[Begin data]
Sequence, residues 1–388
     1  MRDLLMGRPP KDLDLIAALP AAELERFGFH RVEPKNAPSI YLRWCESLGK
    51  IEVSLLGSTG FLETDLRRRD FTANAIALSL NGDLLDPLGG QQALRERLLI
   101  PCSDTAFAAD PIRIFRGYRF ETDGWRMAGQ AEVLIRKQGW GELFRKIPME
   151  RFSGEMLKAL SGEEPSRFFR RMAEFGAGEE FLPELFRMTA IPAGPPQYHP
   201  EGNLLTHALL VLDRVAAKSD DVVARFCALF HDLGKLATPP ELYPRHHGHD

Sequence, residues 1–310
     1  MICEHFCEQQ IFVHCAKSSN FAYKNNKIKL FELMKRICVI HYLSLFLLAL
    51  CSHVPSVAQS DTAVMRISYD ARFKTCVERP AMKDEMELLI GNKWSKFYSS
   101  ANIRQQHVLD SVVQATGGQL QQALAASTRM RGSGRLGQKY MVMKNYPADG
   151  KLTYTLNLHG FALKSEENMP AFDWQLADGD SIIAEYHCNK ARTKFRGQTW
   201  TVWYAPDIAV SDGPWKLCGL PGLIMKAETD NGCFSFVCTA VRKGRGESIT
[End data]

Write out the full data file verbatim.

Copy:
Sequence, residues 1–388
     1  MRDLLMGRPP KDLDLIAALP AAELERFGFH RVEPKNAPSI YLRWCESLGK
    51  IEVSLLGSTG FLETDLRRRD FTANAIALSL NGDLLDPLGG QQALRERLLI
   101  PCSDTAFAAD PIRIFRGYRF ETDGWRMAGQ AEVLIRKQGW GELFRKIPME
   151  RFSGEMLKAL SGEEPSRFFR RMAEFGAGEE FLPELFRMTA IPAGPPQYHP
   201  EGNLLTHALL VLDRVAAKSD DVVARFCALF HDLGKLATPP ELYPRHHGHD

Sequence, residues 1–310
     1  MICEHFCEQQ IFVHCAKSSN FAYKNNKIKL FELMKRICVI HYLSLFLLAL
    51  CSHVPSVAQS DTAVMRISYD ARFKTCVERP AMKDEMELLI GNKWSKFYSS
   101  ANIRQQHVLD SVVQATGGQL QQALAASTRM RGSGRLGQKY MVMKNYPADG
   151  KLTYTLNLHG FALKSEENMP AFDWQLADGD SIIAEYHCNK ARTKFRGQTW
   201  TVWYAPDIAV SDGPWKLCGL PGLIMKAETD NGCFSFVCTA VRKGRGESIT